What did (s)he mean by that?

The most pointless and important question in the world

”What did (s)he mean by that?”

There you have it. The most pointless and important question in the world. Both at the same time.


We’ve all been there. Every week we talk to people or read someone’s e-mail and don’t quite understand what they’re getting at. We think to ourselves ”What did they mean when they said that?”. This could just as easily happen between two complete strangers as it could between two spouses. You may misinterpret what the other person is saying or simply not understand them at all.

For example, a stranger may tell you they have a colourful past. The natural reaction is to ask what they meant. Or a wife may ask her husband how she looks in a dress. No matter what the answer, the wife will always respond with The Question 🙂

How many times do you find yourself asking this question? Why do you think that happens?

As a professional writer I find this question intriguing. On one hand, it’s a pointless question: if you have to ask that when reading my blogs for example, you will likely never get an answer. Not that I wouldn’t let you know if you asked, but you might not take the time to do it. The question will remain unanswered, which makes it pointless.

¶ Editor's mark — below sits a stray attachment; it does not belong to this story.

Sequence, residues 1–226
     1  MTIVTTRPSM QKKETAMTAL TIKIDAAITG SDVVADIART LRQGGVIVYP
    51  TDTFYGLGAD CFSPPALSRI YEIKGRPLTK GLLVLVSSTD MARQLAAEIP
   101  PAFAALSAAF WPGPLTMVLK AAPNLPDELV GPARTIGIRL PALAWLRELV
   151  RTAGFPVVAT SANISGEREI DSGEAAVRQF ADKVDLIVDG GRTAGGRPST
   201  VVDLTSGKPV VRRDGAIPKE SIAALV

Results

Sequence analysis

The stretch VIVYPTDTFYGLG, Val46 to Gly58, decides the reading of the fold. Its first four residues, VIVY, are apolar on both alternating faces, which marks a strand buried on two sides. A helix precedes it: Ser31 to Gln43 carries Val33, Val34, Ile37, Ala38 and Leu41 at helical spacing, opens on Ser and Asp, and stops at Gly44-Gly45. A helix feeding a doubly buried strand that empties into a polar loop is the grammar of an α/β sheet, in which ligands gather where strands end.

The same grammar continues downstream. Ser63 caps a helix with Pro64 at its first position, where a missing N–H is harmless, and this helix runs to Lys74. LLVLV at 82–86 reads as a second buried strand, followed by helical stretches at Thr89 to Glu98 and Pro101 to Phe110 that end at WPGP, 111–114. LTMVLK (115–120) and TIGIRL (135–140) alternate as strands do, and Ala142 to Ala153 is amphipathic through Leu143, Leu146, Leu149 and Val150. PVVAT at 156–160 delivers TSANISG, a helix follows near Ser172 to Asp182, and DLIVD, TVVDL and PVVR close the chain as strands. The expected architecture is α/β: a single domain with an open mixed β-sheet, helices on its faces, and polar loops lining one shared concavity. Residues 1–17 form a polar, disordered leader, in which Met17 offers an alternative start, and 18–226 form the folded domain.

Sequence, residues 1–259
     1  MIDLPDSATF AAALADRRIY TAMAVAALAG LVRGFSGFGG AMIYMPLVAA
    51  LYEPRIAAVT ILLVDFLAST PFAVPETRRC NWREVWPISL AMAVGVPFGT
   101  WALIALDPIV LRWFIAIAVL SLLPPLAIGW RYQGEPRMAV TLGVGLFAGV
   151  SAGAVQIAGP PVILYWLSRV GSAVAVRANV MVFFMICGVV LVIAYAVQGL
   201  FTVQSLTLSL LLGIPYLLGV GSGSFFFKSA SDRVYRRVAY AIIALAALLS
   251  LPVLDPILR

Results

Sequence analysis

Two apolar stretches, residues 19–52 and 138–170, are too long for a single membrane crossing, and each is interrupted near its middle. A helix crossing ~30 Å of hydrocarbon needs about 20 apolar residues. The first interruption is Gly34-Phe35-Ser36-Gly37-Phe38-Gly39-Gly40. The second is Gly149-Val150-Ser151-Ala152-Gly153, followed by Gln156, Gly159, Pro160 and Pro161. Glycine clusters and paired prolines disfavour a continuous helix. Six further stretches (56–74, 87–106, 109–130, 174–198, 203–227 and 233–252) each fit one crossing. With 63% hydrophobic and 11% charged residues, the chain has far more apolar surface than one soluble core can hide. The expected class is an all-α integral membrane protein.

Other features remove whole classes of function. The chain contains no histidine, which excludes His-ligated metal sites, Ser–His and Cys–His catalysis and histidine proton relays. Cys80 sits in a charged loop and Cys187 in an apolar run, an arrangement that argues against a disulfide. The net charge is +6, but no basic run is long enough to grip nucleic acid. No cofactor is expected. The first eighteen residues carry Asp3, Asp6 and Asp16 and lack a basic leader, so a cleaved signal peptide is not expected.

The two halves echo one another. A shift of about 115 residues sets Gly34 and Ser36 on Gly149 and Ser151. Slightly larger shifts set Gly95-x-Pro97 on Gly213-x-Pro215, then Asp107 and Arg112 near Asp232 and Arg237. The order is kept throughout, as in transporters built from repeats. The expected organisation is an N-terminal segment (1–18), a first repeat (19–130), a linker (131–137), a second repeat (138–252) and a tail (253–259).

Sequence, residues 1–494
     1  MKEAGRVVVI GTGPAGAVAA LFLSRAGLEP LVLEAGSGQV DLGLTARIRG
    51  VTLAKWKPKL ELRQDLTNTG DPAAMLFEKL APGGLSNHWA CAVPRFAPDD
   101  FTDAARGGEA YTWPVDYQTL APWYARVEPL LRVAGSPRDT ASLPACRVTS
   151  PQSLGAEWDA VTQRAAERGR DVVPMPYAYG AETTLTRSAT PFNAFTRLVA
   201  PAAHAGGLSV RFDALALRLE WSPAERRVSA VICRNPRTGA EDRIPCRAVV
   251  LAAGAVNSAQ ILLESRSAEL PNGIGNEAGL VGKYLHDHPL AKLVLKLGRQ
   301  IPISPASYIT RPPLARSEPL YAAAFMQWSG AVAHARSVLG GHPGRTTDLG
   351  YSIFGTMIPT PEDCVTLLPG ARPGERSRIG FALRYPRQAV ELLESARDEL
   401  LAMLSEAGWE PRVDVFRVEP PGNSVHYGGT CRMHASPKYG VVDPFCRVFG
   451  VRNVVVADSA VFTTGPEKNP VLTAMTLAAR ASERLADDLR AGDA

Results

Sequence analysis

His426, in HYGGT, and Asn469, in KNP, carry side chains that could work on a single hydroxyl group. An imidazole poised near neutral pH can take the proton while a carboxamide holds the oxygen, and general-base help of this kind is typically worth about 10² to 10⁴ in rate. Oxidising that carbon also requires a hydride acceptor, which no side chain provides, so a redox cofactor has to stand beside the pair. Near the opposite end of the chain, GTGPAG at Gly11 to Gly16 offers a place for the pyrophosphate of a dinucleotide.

On the other hand it’s the most important question: it’s something I ask myself repeatedly when writing – what do I mean by this sentence, what do I mean by this word. Doing that I make sure I’m getting my point through to you.

So what? We’re not all writers.

As I said, we’ve all been there. It doesn’t just concern us writers, it concerns each and everyone of us. When someone else is talking, we may get hung up on details: a choice of words or the expression on someone’s face when they tell us something. Why did they choose those when communicating with us?

When we are the communicator ourselves, the question becomes even more important. Am I being understood the way I want to be? Is what I said really what I wanted to say? By asking the question ourselves, the other person doesn’t have to.

Granted, at times getting hung up on things is overanalyzing. Sometimes there really is something to get hung up on. Either way, not bothering to clarify things can lead to serious miscommunication later.

The worst part of it all is when instead of asking, we start thinking of all the different possibilities and outcomes for ”what (s)he meant”. This leads to a whole lot of speculation. We’ll spend hours wondering what the hell we should do about all the possibilities and outcomes, and we’ll still be none the wiser. We still don’t know the truth. 

Imagine the time and energy we’d save if we’d just ask.

The power of openness

I understand that it’s difficult for people sometimes to admit their uncertainty. Maybe they feel they’ll seem stupid if they ask questions. But let’s face it. No matter how hard we try to reason ourselves into ”what (s)he meant by that”, we’ll never be able to read their mind. Nor can they read ours.

That is why I believe in the power of openness. I believe that no matter how smart you are, no matter how well you think you know people, it will always be faster and simpler to just ask the question. It will save you a lot of grief, and we don’t have to spend time wondering.

So next time you’re not sure what was meant, just blurt out the question! Apply this to your customer relationships and personal relationships – and if you’re in sales or marketing, apply this in your thinking. Admitting that you weren’t clear on something doesn’t make you look stupid. Hiding behind the miscommunication does.